GOC: Why You Need a Community Manager

by Denise Eisner

Every week it seems I hear of another government department that is drafting its social media strategy to “communicate with external and internal audiences.” Once implemented, a member of the Communications team is tasked with overseeing the social media channel, which typically involves getting approvals for messages to be posted in both official languages. The icons are put on the departmental home page, and management is content that they are in the game.

But not so fast. It isn’t a social media strategy that’s needed as much as an engagement strategy, and to engage, departments need specialists who perform that strategic role. That’s the view shared by Kelly Rusk, a consultant with Thornley Fallis here in Ottawa. With a background in PR/communications and stints as a community manager, Kelly has experienced what it takes to put the social into social media. We asked her to share her thoughts on why government needs community managers to oversee their social media efforts.

How did you start?

My first job was at a small e-marketing firm, where I carved out my own role in PR/communications which looked eerily like the role of today’s community manager. I started up and managed our company blog, managed our newsletter, updated the web site, hosted events for our customers and wrote for industry publications. Later I was head hunted by a Montreal-based start-up and hired as community manager where I managed the company newsletter, blog, Twitter account, and was responsible for finding and retaining members in our online community. I also did media relations and travelled to industry trade shows and conferences to help get our name out and meet our online followers/fans/community members in person.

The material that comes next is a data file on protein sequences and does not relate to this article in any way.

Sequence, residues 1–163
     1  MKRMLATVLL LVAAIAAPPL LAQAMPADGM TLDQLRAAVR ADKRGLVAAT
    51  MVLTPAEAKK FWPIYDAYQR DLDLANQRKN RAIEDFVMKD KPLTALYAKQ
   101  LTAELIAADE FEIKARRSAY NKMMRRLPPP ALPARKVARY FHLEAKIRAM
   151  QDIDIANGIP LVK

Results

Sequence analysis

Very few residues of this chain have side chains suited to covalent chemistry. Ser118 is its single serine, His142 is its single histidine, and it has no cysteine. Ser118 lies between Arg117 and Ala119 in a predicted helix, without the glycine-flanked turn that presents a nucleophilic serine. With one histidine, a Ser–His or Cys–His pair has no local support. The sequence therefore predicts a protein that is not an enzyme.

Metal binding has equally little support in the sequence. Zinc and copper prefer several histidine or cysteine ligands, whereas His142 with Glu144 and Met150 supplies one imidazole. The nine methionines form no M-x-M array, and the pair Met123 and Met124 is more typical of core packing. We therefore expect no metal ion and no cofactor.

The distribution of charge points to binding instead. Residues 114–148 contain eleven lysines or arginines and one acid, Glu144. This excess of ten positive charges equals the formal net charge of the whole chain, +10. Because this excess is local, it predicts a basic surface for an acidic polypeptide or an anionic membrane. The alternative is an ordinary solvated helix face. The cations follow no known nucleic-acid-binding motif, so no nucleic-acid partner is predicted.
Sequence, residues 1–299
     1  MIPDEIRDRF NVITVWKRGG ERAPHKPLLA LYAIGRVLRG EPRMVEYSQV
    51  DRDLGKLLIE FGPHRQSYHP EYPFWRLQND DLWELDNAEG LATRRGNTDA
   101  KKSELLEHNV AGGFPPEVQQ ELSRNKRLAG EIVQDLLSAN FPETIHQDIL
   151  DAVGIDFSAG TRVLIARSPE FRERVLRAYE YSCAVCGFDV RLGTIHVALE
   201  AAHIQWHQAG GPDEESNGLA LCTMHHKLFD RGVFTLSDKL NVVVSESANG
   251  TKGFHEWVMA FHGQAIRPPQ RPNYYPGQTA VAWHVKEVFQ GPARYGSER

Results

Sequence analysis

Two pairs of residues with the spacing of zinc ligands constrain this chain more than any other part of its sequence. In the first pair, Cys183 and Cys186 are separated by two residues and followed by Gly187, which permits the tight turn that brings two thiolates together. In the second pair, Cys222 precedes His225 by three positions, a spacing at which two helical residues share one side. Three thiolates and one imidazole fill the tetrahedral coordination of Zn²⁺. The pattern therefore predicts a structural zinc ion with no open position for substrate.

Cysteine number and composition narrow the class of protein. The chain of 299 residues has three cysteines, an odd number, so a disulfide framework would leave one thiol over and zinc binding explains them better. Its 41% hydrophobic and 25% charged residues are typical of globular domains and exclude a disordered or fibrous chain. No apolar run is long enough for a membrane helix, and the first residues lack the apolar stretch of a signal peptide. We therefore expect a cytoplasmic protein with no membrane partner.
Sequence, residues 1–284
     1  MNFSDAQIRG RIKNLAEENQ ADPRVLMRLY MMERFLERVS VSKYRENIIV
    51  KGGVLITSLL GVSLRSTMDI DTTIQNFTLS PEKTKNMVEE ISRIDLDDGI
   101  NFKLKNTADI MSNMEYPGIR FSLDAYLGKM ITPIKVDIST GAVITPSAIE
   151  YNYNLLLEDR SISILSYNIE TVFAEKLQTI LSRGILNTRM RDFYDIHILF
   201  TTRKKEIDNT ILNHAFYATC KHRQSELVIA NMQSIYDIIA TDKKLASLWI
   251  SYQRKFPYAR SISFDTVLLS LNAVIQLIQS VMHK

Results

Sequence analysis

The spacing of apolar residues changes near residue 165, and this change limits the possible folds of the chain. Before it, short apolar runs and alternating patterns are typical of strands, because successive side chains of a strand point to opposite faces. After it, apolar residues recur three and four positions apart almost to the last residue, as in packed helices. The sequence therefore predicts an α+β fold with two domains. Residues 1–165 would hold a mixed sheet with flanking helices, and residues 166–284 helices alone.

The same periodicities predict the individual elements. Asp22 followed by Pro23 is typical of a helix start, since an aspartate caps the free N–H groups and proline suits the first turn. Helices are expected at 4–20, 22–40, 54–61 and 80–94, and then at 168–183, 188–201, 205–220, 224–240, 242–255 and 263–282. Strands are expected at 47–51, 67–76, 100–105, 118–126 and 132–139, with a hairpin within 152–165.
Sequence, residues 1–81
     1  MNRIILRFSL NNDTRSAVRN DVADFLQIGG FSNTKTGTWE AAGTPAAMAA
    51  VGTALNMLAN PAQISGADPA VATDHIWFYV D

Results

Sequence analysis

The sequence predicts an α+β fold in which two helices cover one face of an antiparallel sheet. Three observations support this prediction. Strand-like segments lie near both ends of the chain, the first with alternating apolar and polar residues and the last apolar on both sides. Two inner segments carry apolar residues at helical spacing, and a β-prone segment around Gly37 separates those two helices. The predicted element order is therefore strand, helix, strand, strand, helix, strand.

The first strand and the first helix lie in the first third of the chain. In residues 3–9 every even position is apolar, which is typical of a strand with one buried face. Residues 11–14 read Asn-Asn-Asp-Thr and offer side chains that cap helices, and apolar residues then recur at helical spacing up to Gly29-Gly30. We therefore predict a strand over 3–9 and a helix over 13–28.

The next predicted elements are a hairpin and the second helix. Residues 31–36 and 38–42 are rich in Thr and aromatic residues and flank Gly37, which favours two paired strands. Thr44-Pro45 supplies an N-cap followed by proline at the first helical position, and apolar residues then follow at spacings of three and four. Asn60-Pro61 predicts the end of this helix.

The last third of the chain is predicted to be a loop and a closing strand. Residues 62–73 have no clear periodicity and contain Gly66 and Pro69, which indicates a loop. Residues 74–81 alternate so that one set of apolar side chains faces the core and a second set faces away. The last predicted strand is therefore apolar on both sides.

There are social media managers and community managers. Which role best fits government departments and agencies and why?

Different people define roles differently, but in my eyes the community manager is a strategic role that revolves around building a community of interest, whether that is in a separate online community, through various social media and marketing channels or whatever makes sense for the audience. Building a community also means getting members to speak and interact directly with each other so engagement tactics play a huge role as well. A social media manager is usually a marketing position for someone whose main responsibility is updating social properties and creating content specifically for those properties/channels.

That definition in mind, I think community manager makes more sense for government department and agencies because it’s a goal-focused rather than tool-focused. Government needs to be adaptable and accountable when it comes to online strategies and I see the community manager as a more adaptable position. The trend is spreading where social media functions across an organization, rather than putting it in a separate silo, which is what a social media manager position might be perceived as. I like and believe in this approach and feel a good community manager is poised to lead this type of change internally both in private organizations and government departments.

Given the role you identified, what are the key activities that must be managed?